BBS is a term used by many without real understanding of what it is.[10] People make judgments on what they hear and not what is fact. Even people in the industry sometimes do not know what the process for BBS is.

The two works cited in the Criticism section do not give back up for their opinions. They merely make statement and show no proof. The assessments were made on a “common sense” or “beliefs” level not a scientific level. Coincidently, BBS programs that are set up on “common sense” or “beliefs” instead of scientific observations are not successful.

Notes and References

  1. Staff. “How Does Behavioral Safety work?” Cambridge Center for Behavior Studies. <>
  2. Geller, E. Scott (2004). “Behavior-based safety: a solution to injury prevention: behavior-based safety “empowers” employees and addresses the dynamics of injury prevention.” Risk & Insurance.15(12, 01 Oct) p 66
  3. 3.0 3.1 Matthews, Grainne A. “Behavioral Safety from the Consumer’s Perspective: Determining Who Really Provides Behavior safety.” Cambridge Center for Behavioral Studies. <>
  4. Sulzer-Azaroff, Beth. “Safe Behavior; Fewer Injuries.” Cambridge Center for Behavior Studies.
  5. Geller, E. Scott (1998). Working Safe: How to help people actively care for health and safety. Lewis Publishers
  6. 6.0 6.1 6.2 Al-Hemoud, Ali M., Al-Asfoor, May M. (2006) “A behavior based safety approach at a Kuwait research institution.” Journal of Safety Research, 37 (2) pp 2001-2006.
  7. SEMCOSH Fact Sheet: Behavior Based Safety (2004)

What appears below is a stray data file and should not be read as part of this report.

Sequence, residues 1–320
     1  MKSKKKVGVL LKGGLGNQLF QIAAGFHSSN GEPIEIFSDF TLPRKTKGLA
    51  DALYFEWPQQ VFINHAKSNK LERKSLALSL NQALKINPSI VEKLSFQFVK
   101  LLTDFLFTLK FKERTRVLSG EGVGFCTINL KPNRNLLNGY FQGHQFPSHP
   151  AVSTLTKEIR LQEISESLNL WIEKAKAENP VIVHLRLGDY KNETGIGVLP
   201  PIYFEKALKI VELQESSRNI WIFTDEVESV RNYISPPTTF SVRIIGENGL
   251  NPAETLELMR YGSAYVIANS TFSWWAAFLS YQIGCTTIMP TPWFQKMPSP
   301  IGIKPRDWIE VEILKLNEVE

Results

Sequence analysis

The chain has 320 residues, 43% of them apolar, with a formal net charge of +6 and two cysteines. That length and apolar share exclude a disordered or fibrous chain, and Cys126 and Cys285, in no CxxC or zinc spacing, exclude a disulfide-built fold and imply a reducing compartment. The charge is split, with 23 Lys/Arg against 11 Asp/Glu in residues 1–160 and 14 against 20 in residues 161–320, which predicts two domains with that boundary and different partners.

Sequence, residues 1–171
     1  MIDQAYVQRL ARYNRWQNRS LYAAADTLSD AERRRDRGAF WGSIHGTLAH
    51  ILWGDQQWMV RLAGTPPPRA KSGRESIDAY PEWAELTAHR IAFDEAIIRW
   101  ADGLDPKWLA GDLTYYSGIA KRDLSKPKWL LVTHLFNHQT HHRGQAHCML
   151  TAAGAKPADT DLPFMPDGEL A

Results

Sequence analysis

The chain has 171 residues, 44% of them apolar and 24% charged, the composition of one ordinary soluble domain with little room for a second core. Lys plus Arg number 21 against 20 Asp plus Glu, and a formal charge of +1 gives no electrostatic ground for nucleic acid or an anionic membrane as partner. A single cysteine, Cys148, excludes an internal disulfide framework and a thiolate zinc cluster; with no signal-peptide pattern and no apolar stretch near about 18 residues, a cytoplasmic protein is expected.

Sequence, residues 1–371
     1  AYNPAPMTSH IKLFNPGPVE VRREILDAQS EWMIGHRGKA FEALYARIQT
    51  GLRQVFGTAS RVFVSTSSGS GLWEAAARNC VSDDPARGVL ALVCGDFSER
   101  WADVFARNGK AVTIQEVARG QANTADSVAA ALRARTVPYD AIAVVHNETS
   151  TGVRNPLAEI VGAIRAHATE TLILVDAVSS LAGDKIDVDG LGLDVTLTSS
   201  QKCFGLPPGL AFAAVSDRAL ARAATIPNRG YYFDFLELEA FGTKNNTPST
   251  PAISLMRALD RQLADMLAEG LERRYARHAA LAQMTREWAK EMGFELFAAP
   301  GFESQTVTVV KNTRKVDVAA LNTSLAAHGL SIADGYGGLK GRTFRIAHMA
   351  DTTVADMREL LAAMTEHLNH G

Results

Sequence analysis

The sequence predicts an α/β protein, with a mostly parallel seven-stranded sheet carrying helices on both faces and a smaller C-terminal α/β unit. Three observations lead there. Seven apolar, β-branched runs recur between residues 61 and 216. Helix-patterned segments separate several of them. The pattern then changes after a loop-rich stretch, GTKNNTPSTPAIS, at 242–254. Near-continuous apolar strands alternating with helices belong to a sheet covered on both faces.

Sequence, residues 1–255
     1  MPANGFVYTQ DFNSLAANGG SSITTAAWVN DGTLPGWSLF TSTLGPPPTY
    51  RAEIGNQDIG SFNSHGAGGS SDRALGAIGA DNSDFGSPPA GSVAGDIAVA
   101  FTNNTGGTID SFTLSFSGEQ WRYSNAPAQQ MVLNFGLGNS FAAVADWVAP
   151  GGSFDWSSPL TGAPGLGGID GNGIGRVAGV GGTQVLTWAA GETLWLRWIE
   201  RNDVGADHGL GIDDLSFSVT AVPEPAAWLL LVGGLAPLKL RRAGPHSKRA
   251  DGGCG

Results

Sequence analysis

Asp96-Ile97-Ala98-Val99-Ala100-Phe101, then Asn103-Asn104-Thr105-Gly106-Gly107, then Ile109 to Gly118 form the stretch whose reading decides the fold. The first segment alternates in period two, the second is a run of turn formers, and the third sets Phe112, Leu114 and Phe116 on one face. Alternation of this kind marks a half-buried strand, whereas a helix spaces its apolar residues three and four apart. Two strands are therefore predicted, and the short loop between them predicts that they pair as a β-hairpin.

8. Atkinson, William (2005). “Behavior-based safety.” MC (Manufactured Concrete) Magazine May/June. <>
  9. 9.0 9.1 9.2 Eckenfelder, Donald J.(2004) “Behavior Based safety: a model poisoned by the past; based on obsolete thinking, behavior based safety.” Risk & Insurance 15 (12) pg 65
  10. Wilson, Larry (2004). “Why BBS Works.” Occupational Health and Safety 73 (10, Oct) pg 78, Waco.

Additional Reading

Dell, Geoff (1999). “Safe Place vs. Safe Person: A Dichotomy, or Is It?” Safety Science Monitor 3, Article 14, Special Addition.

Hartford Loss Control Department (2002). “About Behavior-Based Safety Management.” The Hartford Loss Control Tips, Technical Information Paper Series. TIPS S 520.019.

Cambridge Center for Behavior Studies. <>

Quality Safety Edge. BSN 2007 (Behavioral Safety Now). <>

Lopez-Mena, L. (1989) Intervencion psicologica en la empresa (in spanish)Barcelona: Martinez Roca Ed. (see also [])

Vinas, Tonya (2002). “Best Practices – DuPont: Safety Starts at the Top.” 01 July. <>

Geller E. S. The Psychology of Safety: How to Improve Behaviors and Attitudes on the Job. Radnor, PA, Chilton Book Company, 1996.